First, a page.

Eventually, the truth about Tony is revealed; Valentina rebels against her father; and Doctor Parnassus takes action to rescue Valentina from Tony and/or Mr. Nick, leading to the film’s other unusual element (for Gilliam at least): an ending in which conventional, boring, ordinary life is upheld as the ideal of happiness. The thematics are vaguely askew, perhaps just simply vague. The tryst between Tony and Valentine ignites the sparks lacking in the love story between Anton and Valentina, suggesting some schism between love and passion; it’s one step removed from the suggetion that female sexual satisfaction occurs only in a context of tawdry duplicity. Apparently having learned her lesson, Valentina retreats into a domestic life reminiscent of a sexless ’50s television show.
Regardless of whether the thematic threads can be sorted out in a satisfying way, the latter portions of THE IMAGINARIUM OF DOCTOR PARNASSUS retain their appeal, rewarding the audience for sitting through the slow set-up. Plummer brings dignity and an air of sadness to the aging Parnassus, and Troyer’s Percy is the perfect foil for the old wizard. Waits is excellent as the unctuous Mr. Nick, sly and insinuating, always insisting that he enjoys the contest with Parnassus for the sport, not for a chance to win his soul. But above it all, the film is a triumph for Ledger. Although the role is no match for his insanely effective turn as the Joker in THE DARK KNIGHT, his presence illustrates how a star can illuminate material that is otherwise not as bright as it should be. His presence lights up the film and goes a long way toward eclipsing its imperfections. Thanks to him, Gilliam fans in a forgiving frame of mind can leave the theatre feeling that THE IMAGINARIUM OF DOCTOR PARNASSUS was almost everything it should have been. THE IMAGINARIUM OF DOCTOR PARNASSUS (2009). Directed by Terry Gilliam. Written by Terry Gilliam and Charles McKeown. Cast: Christopher Plummer, Andrew Garfield, Lily Cole, Verne Troyer, Tom Waits, Heath Ledger, Johnny Depp, Jude Law, Colin Farrell, Peter Stormare.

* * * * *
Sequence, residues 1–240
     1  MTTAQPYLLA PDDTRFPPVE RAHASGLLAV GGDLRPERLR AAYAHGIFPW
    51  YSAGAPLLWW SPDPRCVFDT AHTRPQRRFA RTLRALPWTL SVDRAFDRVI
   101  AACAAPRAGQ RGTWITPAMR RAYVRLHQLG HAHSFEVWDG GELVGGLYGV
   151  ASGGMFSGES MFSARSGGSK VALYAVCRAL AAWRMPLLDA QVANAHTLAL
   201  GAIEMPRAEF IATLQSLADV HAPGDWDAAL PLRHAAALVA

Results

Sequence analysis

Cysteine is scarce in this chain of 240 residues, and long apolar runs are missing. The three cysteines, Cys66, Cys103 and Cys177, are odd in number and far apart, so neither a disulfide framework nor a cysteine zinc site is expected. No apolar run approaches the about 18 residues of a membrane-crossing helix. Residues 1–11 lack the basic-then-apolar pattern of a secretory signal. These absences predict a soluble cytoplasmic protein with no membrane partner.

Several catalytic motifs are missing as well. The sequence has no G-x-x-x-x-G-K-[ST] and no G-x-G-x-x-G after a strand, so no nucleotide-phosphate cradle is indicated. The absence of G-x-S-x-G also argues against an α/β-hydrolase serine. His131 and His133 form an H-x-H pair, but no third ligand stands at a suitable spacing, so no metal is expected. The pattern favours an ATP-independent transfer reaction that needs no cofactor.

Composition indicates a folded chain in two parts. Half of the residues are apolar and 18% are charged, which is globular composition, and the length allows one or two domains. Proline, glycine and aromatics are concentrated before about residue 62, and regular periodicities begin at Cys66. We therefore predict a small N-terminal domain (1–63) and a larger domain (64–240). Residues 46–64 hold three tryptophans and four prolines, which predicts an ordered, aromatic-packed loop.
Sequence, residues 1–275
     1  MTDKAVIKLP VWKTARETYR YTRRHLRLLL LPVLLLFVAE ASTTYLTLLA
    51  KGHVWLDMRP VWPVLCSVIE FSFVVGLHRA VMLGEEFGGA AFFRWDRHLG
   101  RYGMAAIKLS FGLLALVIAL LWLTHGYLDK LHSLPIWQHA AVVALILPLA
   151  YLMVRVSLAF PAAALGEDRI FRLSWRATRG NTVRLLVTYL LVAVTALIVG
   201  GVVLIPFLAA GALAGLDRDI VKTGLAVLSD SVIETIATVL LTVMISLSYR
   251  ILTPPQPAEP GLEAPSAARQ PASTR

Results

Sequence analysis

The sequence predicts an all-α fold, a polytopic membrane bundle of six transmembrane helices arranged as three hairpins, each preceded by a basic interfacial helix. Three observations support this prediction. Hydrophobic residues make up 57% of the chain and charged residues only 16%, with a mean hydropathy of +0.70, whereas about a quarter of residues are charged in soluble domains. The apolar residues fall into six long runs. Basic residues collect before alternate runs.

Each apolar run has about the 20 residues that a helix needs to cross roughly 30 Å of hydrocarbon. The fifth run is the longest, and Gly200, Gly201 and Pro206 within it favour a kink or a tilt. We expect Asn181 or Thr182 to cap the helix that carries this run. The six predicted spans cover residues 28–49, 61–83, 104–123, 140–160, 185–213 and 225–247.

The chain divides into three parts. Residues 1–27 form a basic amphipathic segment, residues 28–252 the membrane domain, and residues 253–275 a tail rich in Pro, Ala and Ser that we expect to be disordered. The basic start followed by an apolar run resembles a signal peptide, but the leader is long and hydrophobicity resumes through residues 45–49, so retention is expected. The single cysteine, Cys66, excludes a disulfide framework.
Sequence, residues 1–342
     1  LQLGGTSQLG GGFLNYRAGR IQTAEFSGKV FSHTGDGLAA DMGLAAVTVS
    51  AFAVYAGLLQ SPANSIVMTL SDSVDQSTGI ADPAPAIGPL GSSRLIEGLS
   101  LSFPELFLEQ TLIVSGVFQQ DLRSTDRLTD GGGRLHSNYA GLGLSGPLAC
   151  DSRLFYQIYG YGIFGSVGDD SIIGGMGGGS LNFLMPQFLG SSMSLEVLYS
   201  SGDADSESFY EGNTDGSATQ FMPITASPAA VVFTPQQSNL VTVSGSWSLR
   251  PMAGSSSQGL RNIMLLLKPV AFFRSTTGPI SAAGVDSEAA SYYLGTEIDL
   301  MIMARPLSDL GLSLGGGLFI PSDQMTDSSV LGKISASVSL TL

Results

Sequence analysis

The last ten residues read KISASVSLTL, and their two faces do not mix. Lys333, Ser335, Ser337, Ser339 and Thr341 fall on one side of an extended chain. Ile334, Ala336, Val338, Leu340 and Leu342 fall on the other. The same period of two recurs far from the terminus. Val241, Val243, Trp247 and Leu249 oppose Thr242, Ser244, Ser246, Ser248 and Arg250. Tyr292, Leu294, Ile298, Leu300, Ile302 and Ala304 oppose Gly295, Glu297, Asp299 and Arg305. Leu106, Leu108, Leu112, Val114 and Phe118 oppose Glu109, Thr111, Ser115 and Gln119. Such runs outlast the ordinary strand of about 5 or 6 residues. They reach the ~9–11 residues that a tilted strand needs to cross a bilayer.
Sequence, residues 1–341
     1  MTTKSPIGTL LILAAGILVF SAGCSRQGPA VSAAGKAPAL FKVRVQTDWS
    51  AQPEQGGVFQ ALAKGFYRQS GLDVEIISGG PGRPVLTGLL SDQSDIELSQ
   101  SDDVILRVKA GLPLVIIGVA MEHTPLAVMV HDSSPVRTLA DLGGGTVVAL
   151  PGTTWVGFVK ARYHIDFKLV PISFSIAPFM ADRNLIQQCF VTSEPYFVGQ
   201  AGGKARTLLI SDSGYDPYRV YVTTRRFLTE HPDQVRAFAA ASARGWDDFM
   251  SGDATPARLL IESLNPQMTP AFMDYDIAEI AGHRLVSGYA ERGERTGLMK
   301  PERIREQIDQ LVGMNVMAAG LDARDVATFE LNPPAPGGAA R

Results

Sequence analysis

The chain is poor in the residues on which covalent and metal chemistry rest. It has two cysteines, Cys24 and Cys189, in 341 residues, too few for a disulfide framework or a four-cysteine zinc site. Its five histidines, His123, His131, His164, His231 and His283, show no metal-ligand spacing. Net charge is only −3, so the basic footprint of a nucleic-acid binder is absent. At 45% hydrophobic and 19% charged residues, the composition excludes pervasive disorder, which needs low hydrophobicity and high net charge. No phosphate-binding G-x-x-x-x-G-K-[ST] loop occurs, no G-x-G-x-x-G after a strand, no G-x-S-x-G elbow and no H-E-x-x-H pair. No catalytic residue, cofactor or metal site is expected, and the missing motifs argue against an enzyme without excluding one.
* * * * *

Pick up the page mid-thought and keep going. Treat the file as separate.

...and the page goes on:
I’ve been a big fan of director Terry Gilliam for a long time, but THE BROTHERS GRIMM is the worst thing he made since his terrible solo (i.e., non-Monty Python) debut, JABBERWOCKY. The script by Ehren Krueger is terrible: the story is muddled, confused, leaden, and uninteresting. And Gilliam’s patented visual style only makes things worse, weighing everything down, dragging out dull scenes with excess flash that only reminds us how empty and unimaginative this fantasy film is.
The special effects are a near disaster. Gone is the hands-made approach of previous Gilliam films, which not only looked good but suited his overall visual style, lending his fantasies a distinctive touch of personality. Instead, we get lame, impersonal digital work – which is bad enough, but much of it is also totally unconvincing. In fact, the CGI is so phony you keep thinking, “Well, it’s supposed to be like a fairly tale, so it doesn’t have to be realistic.”